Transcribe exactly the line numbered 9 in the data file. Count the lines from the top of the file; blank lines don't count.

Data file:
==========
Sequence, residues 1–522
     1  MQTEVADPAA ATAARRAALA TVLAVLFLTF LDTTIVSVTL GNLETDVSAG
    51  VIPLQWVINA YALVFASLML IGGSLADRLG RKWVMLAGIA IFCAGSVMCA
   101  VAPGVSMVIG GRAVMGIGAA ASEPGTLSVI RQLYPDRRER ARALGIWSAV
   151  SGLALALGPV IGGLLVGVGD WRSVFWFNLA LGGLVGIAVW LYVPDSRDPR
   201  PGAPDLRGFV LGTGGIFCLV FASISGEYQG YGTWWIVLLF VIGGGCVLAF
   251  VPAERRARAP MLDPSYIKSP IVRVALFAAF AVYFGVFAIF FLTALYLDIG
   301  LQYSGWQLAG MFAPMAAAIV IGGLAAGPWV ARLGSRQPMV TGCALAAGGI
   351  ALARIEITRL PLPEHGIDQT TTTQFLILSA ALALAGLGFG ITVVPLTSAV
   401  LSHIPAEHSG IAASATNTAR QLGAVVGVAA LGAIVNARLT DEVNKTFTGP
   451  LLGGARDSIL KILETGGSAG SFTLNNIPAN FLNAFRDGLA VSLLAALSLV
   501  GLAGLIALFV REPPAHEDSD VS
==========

   351  ALARIEITRL PLPEHGIDQT TTTQFLILSA ALALAGLGFG ITVVPLTSAV